Whenever you need the skills to manage your affairs competently and efficiently, you can call upon the King of Pentacles. Take up all the vast challenges of the material world, and know that you can conquer them all if you work hard. Give generously of your time and resources, because by giving you often receive more. Let the King inspire you to success so you can inspire others in turn.

The Hermit (IX)

When questions about the nature of existence and the purpose of life start eating away at your mind, answers will not be found in the physical world. They can only be found inside of you. You have risen above your desires and emotions because they will no longer help you on your journey. Now you must become like the Hermit, who seeks the answers alone. Only the whispers of his Inner Voice, and the light of his lamp, will guide him now. Eventually even that lamp shall be cast away, because it is artificial and will not help the Hermit forever. His own inner light must learn to shine in the absence of the light of others. For true wisdom to emerge, there can be no distractions. Any preoccupations of the world, no matter how small or inconsequential they may seem, will be heard as shouts that drown out the still voice within. It is not enough to rid yourself of inner turmoil, though that is a step in the right direction. The next step is to eliminate outer turmoil, through isolation and withdrawal from the world. This is the path of the Hermit, who slips into darkness in order to have the light revealed to him when he is ready. Like the Fool, he is once again alone, separated from all others. But this time it not only by choice, but by necessity.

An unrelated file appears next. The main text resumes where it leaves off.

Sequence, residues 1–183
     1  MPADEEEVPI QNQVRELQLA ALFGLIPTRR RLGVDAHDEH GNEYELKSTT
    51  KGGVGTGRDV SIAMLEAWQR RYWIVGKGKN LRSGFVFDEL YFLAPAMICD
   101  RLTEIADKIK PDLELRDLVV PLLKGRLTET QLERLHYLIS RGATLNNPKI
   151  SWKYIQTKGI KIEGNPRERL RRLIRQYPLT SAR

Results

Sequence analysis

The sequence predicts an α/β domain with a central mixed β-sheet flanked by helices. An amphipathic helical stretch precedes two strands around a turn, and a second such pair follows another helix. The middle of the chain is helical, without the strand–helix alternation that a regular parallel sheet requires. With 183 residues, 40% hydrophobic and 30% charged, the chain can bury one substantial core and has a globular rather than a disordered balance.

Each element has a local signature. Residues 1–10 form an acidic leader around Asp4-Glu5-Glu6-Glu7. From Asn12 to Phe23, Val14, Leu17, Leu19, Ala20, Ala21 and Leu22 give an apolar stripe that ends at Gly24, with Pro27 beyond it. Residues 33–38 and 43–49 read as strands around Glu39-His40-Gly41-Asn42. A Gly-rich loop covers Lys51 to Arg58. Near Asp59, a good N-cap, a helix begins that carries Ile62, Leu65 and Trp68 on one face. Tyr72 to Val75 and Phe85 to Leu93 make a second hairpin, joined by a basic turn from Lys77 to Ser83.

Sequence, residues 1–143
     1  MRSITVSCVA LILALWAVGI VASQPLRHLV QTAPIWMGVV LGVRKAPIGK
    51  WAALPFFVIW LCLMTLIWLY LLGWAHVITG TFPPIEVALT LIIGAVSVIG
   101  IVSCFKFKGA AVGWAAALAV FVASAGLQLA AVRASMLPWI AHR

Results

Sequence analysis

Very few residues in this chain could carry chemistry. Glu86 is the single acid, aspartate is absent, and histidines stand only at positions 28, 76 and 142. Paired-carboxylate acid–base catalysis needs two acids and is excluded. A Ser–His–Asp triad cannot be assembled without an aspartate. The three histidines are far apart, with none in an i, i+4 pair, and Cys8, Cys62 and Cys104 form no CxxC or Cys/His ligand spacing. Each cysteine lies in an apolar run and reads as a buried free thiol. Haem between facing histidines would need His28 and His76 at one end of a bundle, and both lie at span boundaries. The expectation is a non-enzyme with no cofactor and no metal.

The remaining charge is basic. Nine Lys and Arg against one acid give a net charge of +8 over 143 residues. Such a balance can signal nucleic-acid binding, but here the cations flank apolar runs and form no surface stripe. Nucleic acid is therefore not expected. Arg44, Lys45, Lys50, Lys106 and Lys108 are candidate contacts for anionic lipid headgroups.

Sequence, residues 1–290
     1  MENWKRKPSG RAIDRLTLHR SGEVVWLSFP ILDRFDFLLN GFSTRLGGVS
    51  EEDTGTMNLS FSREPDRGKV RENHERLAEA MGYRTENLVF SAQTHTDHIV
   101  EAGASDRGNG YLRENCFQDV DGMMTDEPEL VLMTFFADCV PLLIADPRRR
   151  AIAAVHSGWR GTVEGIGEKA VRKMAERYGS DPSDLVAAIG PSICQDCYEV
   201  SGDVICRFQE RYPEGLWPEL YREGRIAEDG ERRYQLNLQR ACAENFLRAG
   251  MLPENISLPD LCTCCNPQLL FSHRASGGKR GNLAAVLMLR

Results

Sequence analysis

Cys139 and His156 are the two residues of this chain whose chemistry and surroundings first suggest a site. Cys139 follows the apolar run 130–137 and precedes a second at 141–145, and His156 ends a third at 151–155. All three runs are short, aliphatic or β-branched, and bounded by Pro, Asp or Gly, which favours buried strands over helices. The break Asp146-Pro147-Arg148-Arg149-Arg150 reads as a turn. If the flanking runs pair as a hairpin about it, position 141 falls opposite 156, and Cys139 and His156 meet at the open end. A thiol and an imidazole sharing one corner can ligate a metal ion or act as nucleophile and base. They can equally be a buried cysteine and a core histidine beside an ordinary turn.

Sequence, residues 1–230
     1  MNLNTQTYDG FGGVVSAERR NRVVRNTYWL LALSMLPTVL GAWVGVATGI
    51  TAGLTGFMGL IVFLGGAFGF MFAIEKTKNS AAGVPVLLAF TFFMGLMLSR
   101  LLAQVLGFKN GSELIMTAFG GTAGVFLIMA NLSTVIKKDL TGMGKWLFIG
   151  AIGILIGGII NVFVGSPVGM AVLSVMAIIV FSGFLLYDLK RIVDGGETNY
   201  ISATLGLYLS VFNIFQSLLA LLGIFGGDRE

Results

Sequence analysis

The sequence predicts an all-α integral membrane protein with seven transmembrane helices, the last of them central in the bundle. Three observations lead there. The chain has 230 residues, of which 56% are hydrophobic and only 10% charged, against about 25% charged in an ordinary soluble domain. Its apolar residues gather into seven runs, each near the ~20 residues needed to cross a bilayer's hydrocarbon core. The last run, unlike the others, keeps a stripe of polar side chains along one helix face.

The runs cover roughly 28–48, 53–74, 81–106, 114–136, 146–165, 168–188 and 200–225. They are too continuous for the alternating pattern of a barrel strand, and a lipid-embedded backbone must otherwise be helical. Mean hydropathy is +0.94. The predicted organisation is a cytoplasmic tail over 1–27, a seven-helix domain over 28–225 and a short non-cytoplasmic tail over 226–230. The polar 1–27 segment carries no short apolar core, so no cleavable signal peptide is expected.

Once he has learned the lessons and seen his true wisdom, the Hermit will often pick up his lamp and return to the real world, in order to help others see their own potential as well. But the Hermit is not a teacher; he will not lecture his students and tell them all about his experiences of solitude and isolation. They must experience it themselves, for wisdom earned simply by listening to another person is not really wisdom at all. True wisdom and true enlightenment always come from within. A teacher may tell the student how he found wisdom, but the student must go and find it for himself. Wisdom is not a gift presented to you on a platter. It is a gift you give yourself.

His gift is a call to learn more about yourself and the nature of your existence. It will be a powerful change requiring much effort and commitment. If you are ever in doubt, know that all the wisdom you will need is already inside you, waiting to emerge. This light will not come unless sought out, but when it does, you will see that you had the answers all along.

Hades Posts

Again, much of the above descriptions comes from The American Tarot Association, Goddess Power, The Library of Halexandria and from Wikipedia pages on the various tarot cards. All credit goes to them for their brilliant explorations of the archetypes and tarot cards. Make sure you check them out yourself and get their wisdom first hand (links are over there to the right.)

1 comment:

  1. Your description of Hades, and of Hades & Persephone, has given me a great deal of insight into myself and my relationship with my wife. I really appreciate your site and the work you put into it. I am putting a link to a Pinterest page you can look at, which will show you just how right your description has been.